17 Surprising Influences on Bible Art & Adaptation (Part 3)

Updated: Feb 24


This is the third and final part of my exploration of influences on Bible art and adaptation. Whereas as the first part looked at the influence of History and the second part looked at the Bible Artist(s)’ contribution, this segment looks at economic and social factors in the contemporary context in which the Bible artist works.

12) The Market

There’s a romantic notion that art should be made for arts sake. In reality, most art is made in response to a market, a perceived need or demand, and this is true for Bible Art as well. It’s not a coincidence that the releases of Bible movies are often clustered together. Some may object that only Bible Art produced on account of greed will follow this model, and that true Bible arts will only create in response to personal inspiration. In reality, whether in the Renaissance era or Modern times, most Bible artists have created in response to a demand, and this doesn’t negate their personal inspiration. Inspiration occurs when we perceive a need in the world (i.e. a market) and we create in response to that need. Creating to serve the needs of the market isn’t greedy; on the contrary it is far more empathetic and caring than creating solely as a means of self-expression.


Next time you enjoy Bible Art, consider:

  • What was there a demand for at the time when this Bible adaptation was created? How is this adaptation meeting that demand?

13) Expectations of Supporters


Unless a Bible artist is independently wealthy and able to support and fund his own work, the Bible Art he creates will inevitably reflect the expectations of the web of supporters on whom he depends and to whom he is accountable. Where the support comes from will depend on the era – it might be a handful of wealthy patrons, the Church, government funding, mass-market consumers, or crowd-funding. Regardless of who they are, these supporters will have agendas and preferences that will affect who they fund, and few artists will be able to avoid shaping their Bible Art so as to garner new supporters or please current ones. We can talk dismissively of how big budget Bible films include sex and violence to please the taste and values of mass audiences (their source of support), but Bible Art created for the Church, government, elite art patrons, or hipster crowd-funding is just as likely to bend toward the tastes of those support networks.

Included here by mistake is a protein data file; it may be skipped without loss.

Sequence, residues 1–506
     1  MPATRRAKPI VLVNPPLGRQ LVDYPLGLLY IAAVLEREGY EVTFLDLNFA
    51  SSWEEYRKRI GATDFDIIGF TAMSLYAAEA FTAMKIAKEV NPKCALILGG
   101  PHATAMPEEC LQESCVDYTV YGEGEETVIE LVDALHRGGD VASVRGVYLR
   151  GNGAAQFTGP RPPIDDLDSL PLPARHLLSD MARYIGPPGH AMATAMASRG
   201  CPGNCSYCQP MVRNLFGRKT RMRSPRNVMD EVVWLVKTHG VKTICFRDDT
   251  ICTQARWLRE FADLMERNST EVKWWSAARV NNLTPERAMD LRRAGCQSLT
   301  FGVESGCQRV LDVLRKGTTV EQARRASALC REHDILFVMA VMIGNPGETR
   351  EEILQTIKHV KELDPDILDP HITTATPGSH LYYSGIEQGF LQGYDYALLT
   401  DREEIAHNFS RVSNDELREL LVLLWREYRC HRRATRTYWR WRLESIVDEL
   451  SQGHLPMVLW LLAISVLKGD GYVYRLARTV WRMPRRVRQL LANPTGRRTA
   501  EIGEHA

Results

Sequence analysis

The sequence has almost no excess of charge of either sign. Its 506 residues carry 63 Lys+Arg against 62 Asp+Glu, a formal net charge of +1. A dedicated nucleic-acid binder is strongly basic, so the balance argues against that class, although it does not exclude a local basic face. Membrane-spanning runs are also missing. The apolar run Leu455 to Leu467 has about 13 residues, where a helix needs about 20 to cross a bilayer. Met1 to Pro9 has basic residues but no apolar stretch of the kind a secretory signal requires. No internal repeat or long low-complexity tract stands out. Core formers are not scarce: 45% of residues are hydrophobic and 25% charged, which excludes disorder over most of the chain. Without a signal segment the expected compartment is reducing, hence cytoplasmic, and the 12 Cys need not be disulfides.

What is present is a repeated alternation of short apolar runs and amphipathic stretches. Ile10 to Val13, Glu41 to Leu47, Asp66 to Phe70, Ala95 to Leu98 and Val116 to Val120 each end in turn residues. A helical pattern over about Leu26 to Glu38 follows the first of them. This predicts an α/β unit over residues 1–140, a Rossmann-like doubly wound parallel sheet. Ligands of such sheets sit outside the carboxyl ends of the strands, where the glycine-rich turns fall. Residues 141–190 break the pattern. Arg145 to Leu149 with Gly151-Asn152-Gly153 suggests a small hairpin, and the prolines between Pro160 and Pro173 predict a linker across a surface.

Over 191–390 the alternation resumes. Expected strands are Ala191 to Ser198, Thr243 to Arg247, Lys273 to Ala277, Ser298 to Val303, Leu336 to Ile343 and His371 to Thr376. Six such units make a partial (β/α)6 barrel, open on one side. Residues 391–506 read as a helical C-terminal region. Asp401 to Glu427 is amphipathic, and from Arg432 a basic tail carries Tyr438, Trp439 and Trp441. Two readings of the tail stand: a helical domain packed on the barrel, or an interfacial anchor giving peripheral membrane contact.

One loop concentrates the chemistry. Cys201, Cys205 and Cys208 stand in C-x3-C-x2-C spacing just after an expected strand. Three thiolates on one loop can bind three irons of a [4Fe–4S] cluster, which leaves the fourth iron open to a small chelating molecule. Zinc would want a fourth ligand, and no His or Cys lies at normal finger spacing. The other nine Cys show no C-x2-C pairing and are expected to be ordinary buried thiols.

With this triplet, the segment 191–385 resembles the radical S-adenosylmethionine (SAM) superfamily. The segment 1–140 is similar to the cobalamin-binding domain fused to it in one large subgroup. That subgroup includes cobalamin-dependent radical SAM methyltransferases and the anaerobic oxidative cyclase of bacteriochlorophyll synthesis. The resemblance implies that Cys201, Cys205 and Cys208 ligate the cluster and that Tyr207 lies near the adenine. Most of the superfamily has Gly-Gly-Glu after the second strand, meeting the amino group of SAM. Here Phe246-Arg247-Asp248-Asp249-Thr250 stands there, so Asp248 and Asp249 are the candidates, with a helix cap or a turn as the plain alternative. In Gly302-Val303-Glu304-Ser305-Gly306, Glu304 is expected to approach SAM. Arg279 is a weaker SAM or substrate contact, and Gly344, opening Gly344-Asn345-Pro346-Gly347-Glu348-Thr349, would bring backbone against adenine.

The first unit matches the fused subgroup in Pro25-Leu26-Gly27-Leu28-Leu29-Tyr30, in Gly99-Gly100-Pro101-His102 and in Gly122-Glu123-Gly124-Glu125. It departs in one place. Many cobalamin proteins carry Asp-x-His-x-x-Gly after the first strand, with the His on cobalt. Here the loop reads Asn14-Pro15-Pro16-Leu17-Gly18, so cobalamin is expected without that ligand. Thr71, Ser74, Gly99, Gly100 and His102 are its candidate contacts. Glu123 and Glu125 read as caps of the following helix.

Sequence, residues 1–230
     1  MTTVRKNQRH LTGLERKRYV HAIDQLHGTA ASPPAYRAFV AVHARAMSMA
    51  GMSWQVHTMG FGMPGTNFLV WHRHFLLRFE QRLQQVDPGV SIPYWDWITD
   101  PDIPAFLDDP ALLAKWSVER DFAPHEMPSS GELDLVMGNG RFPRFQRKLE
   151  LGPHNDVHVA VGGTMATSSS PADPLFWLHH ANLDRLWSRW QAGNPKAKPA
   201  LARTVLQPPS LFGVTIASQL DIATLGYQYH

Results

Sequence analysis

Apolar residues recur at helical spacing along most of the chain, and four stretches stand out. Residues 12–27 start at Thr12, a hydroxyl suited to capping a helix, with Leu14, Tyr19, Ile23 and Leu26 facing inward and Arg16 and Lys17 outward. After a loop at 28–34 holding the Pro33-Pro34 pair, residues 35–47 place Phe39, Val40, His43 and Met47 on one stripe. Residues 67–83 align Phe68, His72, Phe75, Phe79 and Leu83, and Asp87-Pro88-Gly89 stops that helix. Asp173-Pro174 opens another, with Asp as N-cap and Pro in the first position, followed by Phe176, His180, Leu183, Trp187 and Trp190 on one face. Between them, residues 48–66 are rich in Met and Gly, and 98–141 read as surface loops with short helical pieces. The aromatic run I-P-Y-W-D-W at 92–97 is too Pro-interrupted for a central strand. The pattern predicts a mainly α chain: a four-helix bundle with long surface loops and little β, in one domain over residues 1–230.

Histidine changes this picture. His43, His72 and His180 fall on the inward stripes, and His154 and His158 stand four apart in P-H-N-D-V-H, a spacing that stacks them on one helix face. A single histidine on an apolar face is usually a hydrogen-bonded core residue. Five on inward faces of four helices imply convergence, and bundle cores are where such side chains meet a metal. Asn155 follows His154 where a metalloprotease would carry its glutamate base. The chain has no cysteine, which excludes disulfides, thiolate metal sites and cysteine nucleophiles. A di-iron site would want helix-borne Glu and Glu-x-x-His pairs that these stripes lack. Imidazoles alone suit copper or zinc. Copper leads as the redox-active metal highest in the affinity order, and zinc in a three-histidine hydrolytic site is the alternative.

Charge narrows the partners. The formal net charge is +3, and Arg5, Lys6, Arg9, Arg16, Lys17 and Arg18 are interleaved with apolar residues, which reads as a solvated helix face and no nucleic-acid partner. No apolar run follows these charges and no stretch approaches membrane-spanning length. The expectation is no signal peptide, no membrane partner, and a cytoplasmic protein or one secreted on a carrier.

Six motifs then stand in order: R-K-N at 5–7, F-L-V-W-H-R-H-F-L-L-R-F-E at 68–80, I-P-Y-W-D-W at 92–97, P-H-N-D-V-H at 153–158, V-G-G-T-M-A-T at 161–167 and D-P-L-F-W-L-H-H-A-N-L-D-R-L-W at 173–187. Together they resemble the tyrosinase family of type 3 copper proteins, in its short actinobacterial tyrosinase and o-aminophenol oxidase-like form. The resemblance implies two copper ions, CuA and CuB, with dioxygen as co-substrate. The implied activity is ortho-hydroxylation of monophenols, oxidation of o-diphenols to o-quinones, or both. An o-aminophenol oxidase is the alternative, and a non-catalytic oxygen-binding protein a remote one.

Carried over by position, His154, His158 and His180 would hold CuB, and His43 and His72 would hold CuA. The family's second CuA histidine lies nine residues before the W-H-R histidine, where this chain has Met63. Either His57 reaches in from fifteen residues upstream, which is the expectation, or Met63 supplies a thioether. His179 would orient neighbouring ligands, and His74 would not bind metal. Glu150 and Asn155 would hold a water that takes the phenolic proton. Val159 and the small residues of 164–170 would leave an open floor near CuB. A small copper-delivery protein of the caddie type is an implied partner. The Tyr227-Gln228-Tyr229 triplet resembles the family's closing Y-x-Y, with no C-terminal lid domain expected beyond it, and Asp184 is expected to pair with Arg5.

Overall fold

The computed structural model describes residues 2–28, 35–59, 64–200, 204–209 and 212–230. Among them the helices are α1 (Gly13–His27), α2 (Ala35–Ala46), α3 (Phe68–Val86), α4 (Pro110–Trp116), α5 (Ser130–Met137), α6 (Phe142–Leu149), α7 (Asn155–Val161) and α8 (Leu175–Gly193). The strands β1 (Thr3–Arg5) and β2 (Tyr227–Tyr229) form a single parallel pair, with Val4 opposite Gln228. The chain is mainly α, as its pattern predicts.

Next time you enjoy Bible Art, consider:

  • Who supported the creation of this adaptation?

  • In what ways does this adaptation conform to (or challenge) the expectations and tastes of its supporters?

14) Competing Bible Art


It’s okay for new Bible Art to resemble previous Bible Art as long as those adaptations are either in a different genre or have been lost as a result of cultural amnesia. But when two adaptations of the same story are made in the same genre at roughly the same time period, the demands of the market will require those adaptations to differentiate from one another. Simply put, if there isn’t a big difference between two adaptations, there’s no reason for audiences to view both of them, and so either one will succeed (and the other fail) or both will receive a mediocre response.


Because the life of Jesus is the most popular subject matter for Bible Art, competition is often a factor that Bible movies about Jesus have to deal with. The Passion of the Christ, The Son of God, and The Visual Bible: the Gospel of John are a good case study in how Bible movies need a distinguishing. The Passion distinguished itself from prior Jesus films with its focus on the crucifixion, the R-rated gore, and all Aramaic dialogue. The Son of God took a more optimistic and family-friendly approach and included scenes from all of Jesus’ life. John, meanwhile, followed an ultra-literal adaptation philosophy, including the entire Gospel word-for-word, without any omissions.


Next time you enjoy Bible Art, consider:

  • Did this Bible adaptation need to differentiate itself from other adaptations of the same story? If so, what made this adaptation unique?

15) The Audience’s Biblical Literacy & Ability